Data-Driven Video Case Studies

The following interactive video case studies are examples from KERV Interactive. Click here for the full list of case studies.

1. Carhartt + KERV Interactive

  • Campaign Goal: Drive traffic to Carhartt’s web site through interactive features in order to drive sales and raise awareness
  • Data: Viewer behavior. Insights were gained regarding what specific Carhartt clothing items consumers were interacting with in the original Carhartt video asset. The viewer was served a sequential ad based on what Carhartt item they interacted with. The personalized video example provided was served to someone who interacted with the Carhartt jacket in the original video.
  • Results: CTR: 2% CTR on personalized video versus 1% on original asset. Interaction Rate: 7% on personalized video versus 5% on original asset. Average time spent interacting with video: 45 sec with personalized video versus 30 seconds with original asset. Average time spent interacting with objects: 127 seconds.
    • “Interaction Rate” Definition: Sum of all brand interactions within the video (against impressions). Interactions include scene saves, frame selects, object highlights (which have a qualified timer), object links, button clicks.
    • “Average time spent interacting with video” definition: It is the difference between the first interactive time stamp and the last active time stamp within the player. Examples usually begin with either the Scene Save or Frame Select and the last time stamp is either a complete, a skip or a link out exit.
    • “Average time spent interacting with objects” definition: The first time stamp fires when a user either clicks or taps on the object within the paused frame, when the user exits the text box or hovers off, there is an exit time stamp for this calculation. KERV Interactive then formulates the differences of these time stamps, by object, to determine average object level time spent or time spent interacting with a specific object.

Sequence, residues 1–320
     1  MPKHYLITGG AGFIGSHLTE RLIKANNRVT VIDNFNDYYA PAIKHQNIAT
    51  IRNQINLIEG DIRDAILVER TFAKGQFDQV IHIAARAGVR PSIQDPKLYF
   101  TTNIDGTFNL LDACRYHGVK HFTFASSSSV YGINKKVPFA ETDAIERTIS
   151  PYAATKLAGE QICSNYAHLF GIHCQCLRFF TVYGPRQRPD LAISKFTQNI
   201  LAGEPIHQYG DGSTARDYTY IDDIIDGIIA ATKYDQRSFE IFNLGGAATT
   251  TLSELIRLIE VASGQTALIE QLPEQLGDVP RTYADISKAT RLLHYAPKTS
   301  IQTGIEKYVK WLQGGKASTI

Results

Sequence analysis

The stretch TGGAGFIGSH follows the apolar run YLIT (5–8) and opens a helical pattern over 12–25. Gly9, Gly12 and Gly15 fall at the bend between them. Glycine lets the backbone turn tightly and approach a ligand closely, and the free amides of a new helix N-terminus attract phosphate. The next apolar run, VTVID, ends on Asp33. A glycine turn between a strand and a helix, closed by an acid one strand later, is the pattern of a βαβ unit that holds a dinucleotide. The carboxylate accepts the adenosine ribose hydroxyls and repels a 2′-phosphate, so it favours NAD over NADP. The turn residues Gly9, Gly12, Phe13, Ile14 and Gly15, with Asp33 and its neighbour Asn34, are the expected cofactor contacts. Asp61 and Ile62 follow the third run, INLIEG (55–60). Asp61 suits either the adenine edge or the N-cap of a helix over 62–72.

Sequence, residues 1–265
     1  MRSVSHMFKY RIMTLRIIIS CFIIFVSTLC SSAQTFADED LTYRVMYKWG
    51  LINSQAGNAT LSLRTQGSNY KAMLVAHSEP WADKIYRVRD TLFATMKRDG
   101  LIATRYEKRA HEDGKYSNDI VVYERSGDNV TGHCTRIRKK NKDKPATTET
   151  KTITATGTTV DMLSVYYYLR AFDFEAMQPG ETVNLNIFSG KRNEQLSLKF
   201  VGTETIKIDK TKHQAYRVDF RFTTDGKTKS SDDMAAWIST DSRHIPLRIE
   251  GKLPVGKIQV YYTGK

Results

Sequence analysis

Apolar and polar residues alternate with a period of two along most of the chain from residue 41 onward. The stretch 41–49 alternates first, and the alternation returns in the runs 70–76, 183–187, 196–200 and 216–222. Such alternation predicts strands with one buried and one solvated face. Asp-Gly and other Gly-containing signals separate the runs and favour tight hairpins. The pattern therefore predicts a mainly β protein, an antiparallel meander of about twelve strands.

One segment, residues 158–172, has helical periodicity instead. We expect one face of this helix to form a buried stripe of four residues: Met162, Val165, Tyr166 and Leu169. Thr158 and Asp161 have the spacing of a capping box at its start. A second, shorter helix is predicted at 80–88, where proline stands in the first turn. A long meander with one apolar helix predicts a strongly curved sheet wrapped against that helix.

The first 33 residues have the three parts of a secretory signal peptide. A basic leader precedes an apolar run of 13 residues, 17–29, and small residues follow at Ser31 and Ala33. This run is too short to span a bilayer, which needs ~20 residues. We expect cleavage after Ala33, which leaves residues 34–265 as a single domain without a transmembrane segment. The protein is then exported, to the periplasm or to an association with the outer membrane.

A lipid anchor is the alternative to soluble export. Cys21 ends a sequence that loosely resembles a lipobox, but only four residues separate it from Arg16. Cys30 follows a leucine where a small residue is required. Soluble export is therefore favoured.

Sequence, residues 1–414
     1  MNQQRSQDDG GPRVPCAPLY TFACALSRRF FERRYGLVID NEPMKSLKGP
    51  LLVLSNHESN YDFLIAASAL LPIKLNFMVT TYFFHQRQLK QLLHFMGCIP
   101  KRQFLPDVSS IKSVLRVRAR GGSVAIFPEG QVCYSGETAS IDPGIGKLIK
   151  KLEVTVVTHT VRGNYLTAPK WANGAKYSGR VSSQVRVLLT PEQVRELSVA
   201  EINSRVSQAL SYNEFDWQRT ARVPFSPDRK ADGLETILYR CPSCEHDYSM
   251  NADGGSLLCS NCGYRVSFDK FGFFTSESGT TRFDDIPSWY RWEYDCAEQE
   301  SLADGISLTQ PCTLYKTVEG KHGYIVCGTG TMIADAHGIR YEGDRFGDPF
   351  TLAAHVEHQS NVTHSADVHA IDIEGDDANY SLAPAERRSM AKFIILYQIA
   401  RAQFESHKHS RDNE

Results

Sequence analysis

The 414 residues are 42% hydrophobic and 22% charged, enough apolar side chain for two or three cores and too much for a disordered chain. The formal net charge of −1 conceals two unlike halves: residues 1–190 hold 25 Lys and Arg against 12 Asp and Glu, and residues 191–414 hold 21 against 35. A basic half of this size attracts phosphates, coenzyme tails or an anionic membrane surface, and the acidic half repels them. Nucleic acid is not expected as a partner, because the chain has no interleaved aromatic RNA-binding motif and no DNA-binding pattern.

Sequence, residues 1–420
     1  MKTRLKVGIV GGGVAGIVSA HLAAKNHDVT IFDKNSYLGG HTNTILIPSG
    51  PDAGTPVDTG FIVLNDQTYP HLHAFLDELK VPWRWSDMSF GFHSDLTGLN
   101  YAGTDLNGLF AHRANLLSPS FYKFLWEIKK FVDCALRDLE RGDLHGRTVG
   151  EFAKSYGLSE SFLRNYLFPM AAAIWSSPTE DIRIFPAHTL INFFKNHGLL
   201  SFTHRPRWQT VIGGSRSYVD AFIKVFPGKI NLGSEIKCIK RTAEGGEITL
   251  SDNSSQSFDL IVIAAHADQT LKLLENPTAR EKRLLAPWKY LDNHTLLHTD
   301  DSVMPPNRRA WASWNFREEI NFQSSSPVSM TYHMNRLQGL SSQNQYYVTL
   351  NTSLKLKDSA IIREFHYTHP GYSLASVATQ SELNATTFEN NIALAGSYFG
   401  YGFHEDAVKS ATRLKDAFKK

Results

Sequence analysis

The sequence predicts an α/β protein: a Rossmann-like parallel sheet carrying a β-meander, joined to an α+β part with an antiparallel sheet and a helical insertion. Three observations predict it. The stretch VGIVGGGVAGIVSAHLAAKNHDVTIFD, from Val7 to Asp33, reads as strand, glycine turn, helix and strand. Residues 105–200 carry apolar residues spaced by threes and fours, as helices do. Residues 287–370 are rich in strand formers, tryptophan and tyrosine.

2. eBay + KERV Interactive

2nd eBay Personalized Video (Spanish language personalization)

  • Campaign Goal: eBay’s goal was to launch several creative assets during the holiday season. Third-party data was used to optimize the campaign and drive sign-ups and sales on eBay.
  • Data: Oracle BlueKai
  • Results: N/A

3rd eBay Personalized Video (personalized based on user interaction)

  • Campaign Goal: eBay’s goal was to launch several creative assets during the holiday season. KERV’s scene and object interaction data was used to optimize the campaign and drive sign-ups and sales on eBay.
  • Data: User behavior. The viewer was served the personalized video ad if they interacted with the “toy” scenes from the original video asset.
  • Results: N/A

3. Fisher & Paykel + KERV Interactive

  • Campaign Goal: Qualified clicks to site and time on-site.
  • Data: Viewer behavior, KERV Interactive targeted specific groups of interactors and excluded users who had already clicked out of the video asset.
  • Results: 2.61% CTR on personalized video versus of 0.14% on original asset. 20% Interaction Rate versus 0.62% on original asset.
    • “Interaction Rate” Definition: Sum of all brand interactions within the video (against impressions). Interactions include scene saves, frame selects, object highlights (which have a qualified timer), object links, button clicks.